Every helping professional works with other people based on his or her particular orientation to science specifically and the world generally. (Scholars call such philosophical orientations epistemology and ontology.)

Here is a declaration of my beliefs, and biases.

    • Personal change. Everyone may change. Learning and adaptability define humanity. Only the severest pathology would prohibit constructive growth and development over the course of the lifespan.
    • Interpretations color perception and action. Based on the findings of cognitive science, we know that each person perceives, and acts out of, a highly individualized perspective on the world. As a result, every person interprets the world distinctly. To fully understand a person’s actions requires understanding, through dialog, of how one construes their world.
    • Sui generis. There are seven billion personality types on planet earth. As such,no so-called standardized assessment instrument can capture the complexity of human sense-making. Assessments that purport to identify your personality or behavioral style or otherwise would categorize or label you, by design restrict and limit. They forsake your uniqueness, force fitting you into the instrument maker’s pre-made categories. Such attempts to catalog persons into brief, prefabricated descriptors unfairly belie both the richness and diversity of humanity.
    • Personal growth is a function of choice. Growth as a person (and much of human action), results from choice and volition. Personal evolution is not inevitable. It results from intentional adaptability.
    • Goals for personal development. Each developmental goal should be selected intentionally, informed in the fullness of rich self-understanding and by the context of current circumstances. Your potential, and your goals for its realization, may shift through the course of your life. Development, therefore, is always conducted in the context of at this time.
      • Strengths. Intentional, volitional development is most effective and most meaningful when it builds on a person’s inherent strengths. The opposite of one’s personal strengths is not weaknesses. It is limitations and absences: every one of us lacks some capacity. We only “have a weakness” when we pretend to harbor a strength that we lack. In development, focusing on strengths tends to provide greater leverage than striving to redress one’s deficits. Should Yo-Yo Ma set aside his cello to spend more time practicing the tuba?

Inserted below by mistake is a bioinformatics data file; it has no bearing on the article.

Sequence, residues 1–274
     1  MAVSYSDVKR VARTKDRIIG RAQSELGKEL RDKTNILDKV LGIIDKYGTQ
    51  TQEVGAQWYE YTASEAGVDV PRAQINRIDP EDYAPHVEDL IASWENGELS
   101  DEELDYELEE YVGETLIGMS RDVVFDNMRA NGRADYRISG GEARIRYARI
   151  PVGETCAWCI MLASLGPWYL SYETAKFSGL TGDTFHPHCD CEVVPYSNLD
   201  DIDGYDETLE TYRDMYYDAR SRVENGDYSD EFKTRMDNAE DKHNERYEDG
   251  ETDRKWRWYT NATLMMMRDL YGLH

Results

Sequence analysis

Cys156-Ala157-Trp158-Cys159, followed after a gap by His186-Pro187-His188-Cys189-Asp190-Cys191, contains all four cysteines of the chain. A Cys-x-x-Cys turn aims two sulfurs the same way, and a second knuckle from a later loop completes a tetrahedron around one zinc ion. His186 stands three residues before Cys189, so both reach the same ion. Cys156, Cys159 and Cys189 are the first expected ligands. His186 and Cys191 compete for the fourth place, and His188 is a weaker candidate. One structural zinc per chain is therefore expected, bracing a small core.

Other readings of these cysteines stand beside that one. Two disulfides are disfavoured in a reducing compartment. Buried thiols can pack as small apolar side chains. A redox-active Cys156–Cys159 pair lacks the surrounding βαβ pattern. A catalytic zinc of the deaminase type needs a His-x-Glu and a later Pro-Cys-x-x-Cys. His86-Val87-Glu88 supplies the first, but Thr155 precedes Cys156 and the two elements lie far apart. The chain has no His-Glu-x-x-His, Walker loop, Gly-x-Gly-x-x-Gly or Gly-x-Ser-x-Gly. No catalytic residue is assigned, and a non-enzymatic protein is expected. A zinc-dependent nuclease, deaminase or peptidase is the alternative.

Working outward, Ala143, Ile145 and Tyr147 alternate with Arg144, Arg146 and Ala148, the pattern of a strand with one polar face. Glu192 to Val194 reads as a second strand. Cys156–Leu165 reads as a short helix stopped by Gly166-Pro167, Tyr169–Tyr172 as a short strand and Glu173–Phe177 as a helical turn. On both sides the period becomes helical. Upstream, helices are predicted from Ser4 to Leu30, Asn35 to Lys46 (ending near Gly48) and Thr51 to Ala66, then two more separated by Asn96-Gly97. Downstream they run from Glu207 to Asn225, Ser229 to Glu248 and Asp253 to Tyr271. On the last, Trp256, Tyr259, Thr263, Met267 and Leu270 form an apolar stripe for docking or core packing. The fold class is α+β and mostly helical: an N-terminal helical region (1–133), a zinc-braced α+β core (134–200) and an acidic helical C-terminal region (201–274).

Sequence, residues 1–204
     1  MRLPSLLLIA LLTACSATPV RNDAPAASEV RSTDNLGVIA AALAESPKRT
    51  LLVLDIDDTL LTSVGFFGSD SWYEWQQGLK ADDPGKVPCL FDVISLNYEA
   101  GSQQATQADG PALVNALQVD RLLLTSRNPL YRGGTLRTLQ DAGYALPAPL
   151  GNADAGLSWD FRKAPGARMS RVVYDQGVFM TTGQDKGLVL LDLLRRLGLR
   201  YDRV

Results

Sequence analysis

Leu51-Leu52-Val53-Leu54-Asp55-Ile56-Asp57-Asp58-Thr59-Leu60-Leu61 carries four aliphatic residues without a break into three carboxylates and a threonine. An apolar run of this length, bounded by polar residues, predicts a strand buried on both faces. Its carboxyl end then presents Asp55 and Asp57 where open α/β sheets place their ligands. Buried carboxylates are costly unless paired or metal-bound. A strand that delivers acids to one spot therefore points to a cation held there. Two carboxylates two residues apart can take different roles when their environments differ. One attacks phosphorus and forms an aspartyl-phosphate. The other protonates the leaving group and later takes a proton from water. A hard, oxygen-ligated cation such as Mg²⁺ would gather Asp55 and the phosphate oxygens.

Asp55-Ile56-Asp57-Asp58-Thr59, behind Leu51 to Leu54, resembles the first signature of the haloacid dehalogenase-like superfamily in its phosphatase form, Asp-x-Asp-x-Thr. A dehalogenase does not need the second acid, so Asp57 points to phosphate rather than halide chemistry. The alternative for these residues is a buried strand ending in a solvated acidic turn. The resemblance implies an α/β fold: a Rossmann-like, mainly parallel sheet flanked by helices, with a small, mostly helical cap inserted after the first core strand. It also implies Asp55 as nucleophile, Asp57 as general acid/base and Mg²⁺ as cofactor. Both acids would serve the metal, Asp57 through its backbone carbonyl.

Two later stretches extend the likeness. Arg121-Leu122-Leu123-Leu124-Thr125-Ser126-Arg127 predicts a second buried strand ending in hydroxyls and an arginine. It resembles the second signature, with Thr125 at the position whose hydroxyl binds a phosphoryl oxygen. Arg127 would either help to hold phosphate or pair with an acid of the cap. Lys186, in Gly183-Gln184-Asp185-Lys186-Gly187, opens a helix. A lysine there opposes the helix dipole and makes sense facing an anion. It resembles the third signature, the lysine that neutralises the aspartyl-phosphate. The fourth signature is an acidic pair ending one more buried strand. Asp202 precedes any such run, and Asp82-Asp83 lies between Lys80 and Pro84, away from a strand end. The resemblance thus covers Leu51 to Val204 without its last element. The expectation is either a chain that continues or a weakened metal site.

• Role of the past. Past is prologue, but only to this moment. History is not destiny. Your trajectory to the future depends more on the course you set than the path you’ve trodden.
    • Role of environment. Environment shapes but it does not mold. Your mind is not a prisoner of your surroundings just as it is not captive to your personal biology or your biography to date.
Biology, Personal Choice, and Individual Circumstances all contribute to Growth and Development
Development results from a dynamic of interacting systems.
      • Potentialities. Each of us enjoys multiple possibilities for growth and development over a lifetime. There is no one ultimate potential. One’s personal potential for development is a product of: 1) their individual biology; 2) their particular circumstances and the developmental
        opportunities it yields, and 3) the choices they make and actions they take. I refer to this as the Tripartite Model of Development.
    • Systems. Each of us participates in the dynamics of the multiple, complex social systems of which we are part. We cannot stand apart from, nor act independent of, those systems. At the same time, we exert influence on those systems. Our actions, therefore, are both functions of and contributors to the systems in which we operate. That means that you affect your world; the changes you make in yourself inevitably will affect your environment. When you change, the world changes.
    • Import of relationships. We think of our self as a singular entity, but our I only exists in relationship to others. Not only are we physically dependent on others to survive, we need others so as to even define our very self. Without we there is no me.
    • One life, many identities. In the course of daily life we move from environment to environment (such as from home to work and back), and from role to role (such as spouse, boss, son or daughter, community member, and so on). However, these variations do not exist in isolation from each other. As we move, we carry inseparable influences from one domain to another. Our identity is in part a function of this holism. Any intentional personal change is most effective when it encompasses a full recognition of the whole Self, and the many ways in which that Self may present itself at various times: “the many mes of I.”

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